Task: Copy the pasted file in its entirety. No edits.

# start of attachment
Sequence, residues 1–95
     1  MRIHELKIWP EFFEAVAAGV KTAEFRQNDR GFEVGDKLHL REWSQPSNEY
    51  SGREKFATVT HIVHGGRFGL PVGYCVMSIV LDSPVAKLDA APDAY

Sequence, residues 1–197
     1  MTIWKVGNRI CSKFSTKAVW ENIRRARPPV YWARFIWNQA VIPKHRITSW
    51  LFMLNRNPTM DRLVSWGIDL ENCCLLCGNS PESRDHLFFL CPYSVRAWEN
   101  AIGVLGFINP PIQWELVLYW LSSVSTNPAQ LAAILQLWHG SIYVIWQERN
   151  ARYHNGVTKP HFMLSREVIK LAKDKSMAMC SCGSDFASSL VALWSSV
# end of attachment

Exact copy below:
Sequence, residues 1–95
     1  MRIHELKIWP EFFEAVAAGV KTAEFRQNDR GFEVGDKLHL REWSQPSNEY
    51  SGREKFATVT HIVHGGRFGL PVGYCVMSIV LDSPVAKLDA APDAY

Sequence, residues 1–197
     1  MTIWKVGNRI CSKFSTKAVW ENIRRARPPV YWARFIWNQA VIPKHRITSW
    51  LFMLNRNPTM DRLVSWGIDL ENCCLLCGNS PESRDHLFFL CPYSVRAWEN
   101  AIGVLGFINP PIQWELVLYW LSSVSTNPAQ LAAILQLWHG SIYVIWQERN
   151  ARYHNGVTKP HFMLSREVIK LAKDKSMAMC SCGSDFASSL VALWSSV